Education Week Article by YouthTruth: 3 Questions to Guide Your Use of Student Feedback
Jen Wilka is executive director at YouthTruth
Education is one of the few industries, perhaps the only one, in which everyone has a firsthand experience and a valid opinion. That translates into lots of ideas from various stakeholders about what should be done differently to improve schools. But why is it that the ideas of the people we’re ultimately trying to serve, and arguably those most affected — the students — tend to be the last voices heard and acted upon?
Part of the reason is that it’s not always easy to use student feedback productively — or at all!
While there are many ways to get student feedback, the focus of our work at YouthTruth, a national nonprofit based in San Francisco, is through surveys. Here are three ideas and key questions to help get the most out of student feedback for school improvement.
Educators have an ever-increasing stream of data at their fingertips, but knowing how to use this data to improve learning and teaching — how to make it less overwhelming, more useful, and part of an effective collaborative process — can be challenging.
Data Wise, edited by Kathryn Parker Boudett, Elizabeth A. City, and Richard J. Murnane, is a step-by-step guide to using assessment results to improve teaching and learning. We’re highlighting two of our favorite and most-used protocols to help you and your teams make meaning from survey results:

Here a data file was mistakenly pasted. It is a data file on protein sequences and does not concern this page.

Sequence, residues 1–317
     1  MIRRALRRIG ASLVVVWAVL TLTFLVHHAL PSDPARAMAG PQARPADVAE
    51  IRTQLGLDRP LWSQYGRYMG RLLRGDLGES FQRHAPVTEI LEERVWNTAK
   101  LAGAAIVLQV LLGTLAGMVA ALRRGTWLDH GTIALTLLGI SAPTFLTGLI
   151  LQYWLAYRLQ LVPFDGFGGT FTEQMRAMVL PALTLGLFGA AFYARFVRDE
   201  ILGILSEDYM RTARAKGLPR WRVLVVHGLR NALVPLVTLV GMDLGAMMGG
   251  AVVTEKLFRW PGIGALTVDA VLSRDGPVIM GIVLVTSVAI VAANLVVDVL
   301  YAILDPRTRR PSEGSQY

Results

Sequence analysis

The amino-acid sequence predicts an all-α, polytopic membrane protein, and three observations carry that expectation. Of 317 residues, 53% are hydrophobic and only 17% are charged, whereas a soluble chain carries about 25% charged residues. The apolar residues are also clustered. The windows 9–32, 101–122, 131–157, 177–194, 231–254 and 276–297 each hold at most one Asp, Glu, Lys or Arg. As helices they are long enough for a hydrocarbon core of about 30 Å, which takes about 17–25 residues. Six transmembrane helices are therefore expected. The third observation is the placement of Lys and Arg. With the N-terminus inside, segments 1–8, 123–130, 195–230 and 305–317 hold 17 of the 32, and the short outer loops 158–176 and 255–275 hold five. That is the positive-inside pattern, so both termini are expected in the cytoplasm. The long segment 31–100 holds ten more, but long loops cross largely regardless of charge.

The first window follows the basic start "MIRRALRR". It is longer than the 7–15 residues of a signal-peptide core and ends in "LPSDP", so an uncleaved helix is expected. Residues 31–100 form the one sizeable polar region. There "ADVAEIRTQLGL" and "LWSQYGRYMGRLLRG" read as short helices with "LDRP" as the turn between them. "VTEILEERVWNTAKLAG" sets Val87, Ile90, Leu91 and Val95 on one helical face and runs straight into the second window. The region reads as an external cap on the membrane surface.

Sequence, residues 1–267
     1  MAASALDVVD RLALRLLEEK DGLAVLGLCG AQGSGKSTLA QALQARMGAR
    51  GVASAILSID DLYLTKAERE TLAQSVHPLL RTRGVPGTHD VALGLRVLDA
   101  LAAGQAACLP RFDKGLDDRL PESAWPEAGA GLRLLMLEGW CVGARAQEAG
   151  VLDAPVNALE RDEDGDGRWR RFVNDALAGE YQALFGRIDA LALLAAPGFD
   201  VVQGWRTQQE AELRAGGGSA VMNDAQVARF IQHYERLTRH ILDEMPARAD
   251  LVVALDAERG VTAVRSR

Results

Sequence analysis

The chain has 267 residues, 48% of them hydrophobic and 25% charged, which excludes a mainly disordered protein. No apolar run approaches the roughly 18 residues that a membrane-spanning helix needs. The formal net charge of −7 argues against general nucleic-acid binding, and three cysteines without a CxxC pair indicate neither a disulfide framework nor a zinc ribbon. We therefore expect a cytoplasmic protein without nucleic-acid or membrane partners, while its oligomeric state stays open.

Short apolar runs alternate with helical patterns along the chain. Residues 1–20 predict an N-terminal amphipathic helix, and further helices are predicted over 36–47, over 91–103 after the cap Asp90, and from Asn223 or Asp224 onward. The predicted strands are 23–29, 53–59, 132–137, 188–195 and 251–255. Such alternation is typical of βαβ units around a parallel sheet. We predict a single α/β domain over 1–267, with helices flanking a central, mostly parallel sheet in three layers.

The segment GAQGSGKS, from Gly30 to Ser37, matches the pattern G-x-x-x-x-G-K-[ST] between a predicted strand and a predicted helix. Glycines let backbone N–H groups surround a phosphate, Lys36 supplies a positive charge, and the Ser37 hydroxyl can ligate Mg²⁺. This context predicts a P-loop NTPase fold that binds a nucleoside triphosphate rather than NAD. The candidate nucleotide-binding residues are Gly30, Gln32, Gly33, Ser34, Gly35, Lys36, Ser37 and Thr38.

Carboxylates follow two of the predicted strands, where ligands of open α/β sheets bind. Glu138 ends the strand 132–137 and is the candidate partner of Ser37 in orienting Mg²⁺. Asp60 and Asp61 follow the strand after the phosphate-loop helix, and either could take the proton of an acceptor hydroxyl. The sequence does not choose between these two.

The Question Formulation Technique – useful for helping a group of people fully explore an issue before jumping in to a discussion
The Affinity Protocol – useful for facilitating a group hypothesizing session to explore what may underlie an identified issue in order to work towards solutions
Learning from Data is a tool to guide groups of teachers discovering what students, educators, and the public understand and how they are thinking. The tool, developed by Eric Buchovecky, is based in part on the work of the Leadership for Urban Mathematics Project and the Assessment Communities of Teachers Project. Use this protocol for:
Setting norms and getting started with data reflection